The investigation of laser induced forward transfer (LIFT) process using femtosecond pulsed laser comparing with that using excimer laser is reported. Ni thin film of several hundreds of nanometer thickness, which is deposited on fused silica substrate, was irradiated by single pulse of KrF excimer laser (wavelength: 248 nm, pulse width: 30 ns) or femtosecond pulsed laser (wavelength: 800 nm, pulse width: 120 fs), and transferred to a Si acceptor substrate. It is shown that laser beam profile affected the removal of thin film. It is revealed that adhesion of particles was inhibited using femtosecond pulsed laser in comparison with the case of excimer LIFT process.
Micro patterns of some μm size were fabricated by transferring metal thin films using Laser-Induced Forward Transfer (LIFT) technique. The oxygen composition ratio of deposited patterns fabricated by varying laser irradiation conditions was measured by using XPS. Then we investigated the dependence of the oxygen composition ratio of deposited patterns on the thin film-acceptor substrate distance and laser fluence. LIFT was performed using a single shot of KrF excimer laser (wavelength: 248nm, pulse width: 30ns). Sn thin film, with a few hundreds of nanometer thickness deposited on quartz substrate using electron beam evaporation method, were removed by laser irradiation, and deposited on acceptor substrate (Si wafer) after transfer in air under room temperature. As a result of XPS analysis of deposited patterns, it was revealed that the oxygen composition ratio depended on laser fluence and the distance from a thin film to an acceptor substrate and tended to increase and then fall with increase of laser fluence when the film-acceptor substrate distance was fixed. In order to investigate this tendency, we photographed the shadowgraph of the transferring thin film. From this investigation, it was revealed that higher fluence causes higher velocity. As the velocity becomes higher, the time from the beginning of removal to attachment on the acceptor substrate becomes shorter. So the higher laser fluence is, the lower the oxygen composition ratio is.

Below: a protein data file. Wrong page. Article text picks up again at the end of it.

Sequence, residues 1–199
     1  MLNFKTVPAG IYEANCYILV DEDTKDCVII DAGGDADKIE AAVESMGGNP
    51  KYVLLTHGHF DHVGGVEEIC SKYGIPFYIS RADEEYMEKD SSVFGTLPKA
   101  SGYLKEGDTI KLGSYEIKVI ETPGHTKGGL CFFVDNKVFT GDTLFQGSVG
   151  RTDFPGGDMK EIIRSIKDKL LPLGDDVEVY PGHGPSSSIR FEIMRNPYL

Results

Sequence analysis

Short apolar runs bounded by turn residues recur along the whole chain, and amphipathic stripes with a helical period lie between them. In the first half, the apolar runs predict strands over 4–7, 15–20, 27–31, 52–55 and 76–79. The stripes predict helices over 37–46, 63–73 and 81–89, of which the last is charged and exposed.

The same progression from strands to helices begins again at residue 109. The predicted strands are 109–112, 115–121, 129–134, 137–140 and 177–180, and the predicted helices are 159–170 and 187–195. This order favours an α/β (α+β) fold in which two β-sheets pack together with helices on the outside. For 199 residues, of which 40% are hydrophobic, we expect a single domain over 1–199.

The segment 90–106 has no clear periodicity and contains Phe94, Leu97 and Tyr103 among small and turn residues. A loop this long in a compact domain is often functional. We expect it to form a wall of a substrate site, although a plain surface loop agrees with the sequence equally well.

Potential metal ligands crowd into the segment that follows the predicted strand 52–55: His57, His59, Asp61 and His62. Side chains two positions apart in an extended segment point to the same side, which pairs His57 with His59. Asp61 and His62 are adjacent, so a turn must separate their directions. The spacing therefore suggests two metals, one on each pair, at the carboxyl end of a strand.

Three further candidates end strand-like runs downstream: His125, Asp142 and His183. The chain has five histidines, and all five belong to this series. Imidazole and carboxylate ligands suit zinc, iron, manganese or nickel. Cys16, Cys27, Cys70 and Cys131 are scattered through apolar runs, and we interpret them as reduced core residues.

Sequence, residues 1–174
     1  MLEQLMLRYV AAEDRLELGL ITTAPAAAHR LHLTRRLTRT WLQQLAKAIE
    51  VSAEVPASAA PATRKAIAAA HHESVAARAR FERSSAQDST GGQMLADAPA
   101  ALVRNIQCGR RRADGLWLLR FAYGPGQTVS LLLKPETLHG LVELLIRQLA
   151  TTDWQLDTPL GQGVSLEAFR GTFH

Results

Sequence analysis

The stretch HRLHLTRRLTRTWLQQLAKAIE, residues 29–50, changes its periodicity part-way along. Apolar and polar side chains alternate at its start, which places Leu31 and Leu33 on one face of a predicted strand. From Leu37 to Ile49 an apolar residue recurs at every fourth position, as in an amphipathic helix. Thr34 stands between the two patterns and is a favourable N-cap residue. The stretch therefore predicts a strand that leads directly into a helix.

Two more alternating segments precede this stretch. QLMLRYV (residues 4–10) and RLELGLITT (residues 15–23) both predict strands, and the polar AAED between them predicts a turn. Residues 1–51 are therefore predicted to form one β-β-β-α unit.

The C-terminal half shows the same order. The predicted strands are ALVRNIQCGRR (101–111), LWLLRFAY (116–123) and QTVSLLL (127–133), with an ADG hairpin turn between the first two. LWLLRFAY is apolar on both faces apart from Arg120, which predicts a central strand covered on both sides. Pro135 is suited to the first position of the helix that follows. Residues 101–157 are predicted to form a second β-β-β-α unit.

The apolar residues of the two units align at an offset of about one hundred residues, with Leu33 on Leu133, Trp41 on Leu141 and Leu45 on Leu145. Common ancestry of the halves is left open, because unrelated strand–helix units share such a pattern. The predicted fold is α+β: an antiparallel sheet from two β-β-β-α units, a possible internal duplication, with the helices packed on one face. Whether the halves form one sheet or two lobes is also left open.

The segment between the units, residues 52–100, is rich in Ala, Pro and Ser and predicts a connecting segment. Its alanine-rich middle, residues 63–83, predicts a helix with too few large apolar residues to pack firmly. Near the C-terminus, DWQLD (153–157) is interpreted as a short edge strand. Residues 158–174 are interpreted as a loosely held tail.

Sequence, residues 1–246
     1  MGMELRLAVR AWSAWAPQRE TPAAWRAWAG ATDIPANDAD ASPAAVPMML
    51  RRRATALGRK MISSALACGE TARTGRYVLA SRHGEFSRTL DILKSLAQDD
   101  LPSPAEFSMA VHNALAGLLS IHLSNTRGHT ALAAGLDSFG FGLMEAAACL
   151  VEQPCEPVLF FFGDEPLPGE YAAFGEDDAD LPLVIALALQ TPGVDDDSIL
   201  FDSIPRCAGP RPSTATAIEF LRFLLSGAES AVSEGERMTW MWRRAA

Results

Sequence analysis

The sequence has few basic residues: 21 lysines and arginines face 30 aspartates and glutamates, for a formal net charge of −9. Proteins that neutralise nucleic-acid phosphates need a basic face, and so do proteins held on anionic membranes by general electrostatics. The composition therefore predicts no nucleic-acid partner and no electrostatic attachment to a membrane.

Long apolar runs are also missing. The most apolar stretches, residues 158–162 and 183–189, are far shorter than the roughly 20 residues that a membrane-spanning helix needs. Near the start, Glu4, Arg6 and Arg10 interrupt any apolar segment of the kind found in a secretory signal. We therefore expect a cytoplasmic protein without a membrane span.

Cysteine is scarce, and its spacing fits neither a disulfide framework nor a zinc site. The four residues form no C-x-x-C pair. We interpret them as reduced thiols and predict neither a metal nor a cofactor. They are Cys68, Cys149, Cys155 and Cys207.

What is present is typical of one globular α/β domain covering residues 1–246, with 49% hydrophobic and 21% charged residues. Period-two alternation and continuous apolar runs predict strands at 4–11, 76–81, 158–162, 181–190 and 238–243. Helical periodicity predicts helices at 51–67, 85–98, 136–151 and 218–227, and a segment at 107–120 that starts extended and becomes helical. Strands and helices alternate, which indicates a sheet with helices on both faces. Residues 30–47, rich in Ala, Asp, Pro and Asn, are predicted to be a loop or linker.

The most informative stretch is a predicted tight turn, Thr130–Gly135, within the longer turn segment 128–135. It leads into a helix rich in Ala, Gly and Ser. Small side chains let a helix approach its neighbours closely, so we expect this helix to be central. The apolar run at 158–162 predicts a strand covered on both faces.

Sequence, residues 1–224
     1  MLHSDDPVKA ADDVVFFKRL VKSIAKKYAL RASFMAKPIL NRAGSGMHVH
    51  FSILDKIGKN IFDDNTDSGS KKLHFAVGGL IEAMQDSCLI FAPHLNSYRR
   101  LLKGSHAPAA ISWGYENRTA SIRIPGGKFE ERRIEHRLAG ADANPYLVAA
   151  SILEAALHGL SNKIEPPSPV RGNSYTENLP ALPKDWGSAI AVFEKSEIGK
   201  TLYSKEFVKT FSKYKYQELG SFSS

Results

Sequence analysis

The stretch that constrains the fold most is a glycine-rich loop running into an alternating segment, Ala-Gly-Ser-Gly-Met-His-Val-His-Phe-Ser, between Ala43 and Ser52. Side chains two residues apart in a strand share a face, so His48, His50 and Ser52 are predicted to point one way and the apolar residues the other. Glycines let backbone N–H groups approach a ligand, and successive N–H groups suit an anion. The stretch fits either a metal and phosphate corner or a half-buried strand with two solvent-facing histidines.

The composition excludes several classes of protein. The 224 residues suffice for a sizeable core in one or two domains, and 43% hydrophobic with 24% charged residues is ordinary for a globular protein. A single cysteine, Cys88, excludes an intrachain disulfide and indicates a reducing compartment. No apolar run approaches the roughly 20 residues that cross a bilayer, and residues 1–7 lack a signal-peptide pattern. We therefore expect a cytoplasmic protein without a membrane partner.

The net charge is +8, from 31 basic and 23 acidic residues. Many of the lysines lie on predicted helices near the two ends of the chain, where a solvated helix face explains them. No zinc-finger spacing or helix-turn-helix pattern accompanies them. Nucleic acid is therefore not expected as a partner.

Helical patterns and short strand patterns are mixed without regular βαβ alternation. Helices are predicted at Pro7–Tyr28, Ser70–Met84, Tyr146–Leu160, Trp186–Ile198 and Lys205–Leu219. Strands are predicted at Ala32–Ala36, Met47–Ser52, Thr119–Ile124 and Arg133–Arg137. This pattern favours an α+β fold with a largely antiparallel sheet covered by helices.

The purpose of this study is to investigate the correlation between Laser Induced Forward Transfer (LIFT) process observed experimentally and the deposited structure, especially the size accuracy. Ablated plume and shadowgraph of transferring materials were observed using image intensified CCD camera. The intensity of reflected He-Ne laser from the front and rear side of thin films, respectively, were measured using photodiode to investigate the behavior of thin film during laser pulse. Metal thin films (Au and Ni), with several tens - hundreds of nanometer in thickness deposited on quartz substrate using ion sputtering deposition method, were irradiated by KrF excimer laser (wavelength 248 nm, pulse width 30 ns). The measurement of the reflected He-ne laser shows that the film removal finishes during incident laser pulse. Ablated plume images and shadowgraphs of transferring materials show that the velocity of both the top of ablated plume and the transferring materials become faster in increase fo fluence, and that the transferring materials precede the plume. Optimum fluence exists at each film thickness to achieve high size accuracy of deposited structure. At lower fluence, the deposited structure shows bad feature due to incomplete removal from the support substrate. At higher fluence, the big shock causes the wide range of spread of deposited structure when the transferring particles have a collision with the acceptor substrate. At optimum fluence, the high size accuracy of deposited structure is achieved as the film-substrate distance is made as short as possible.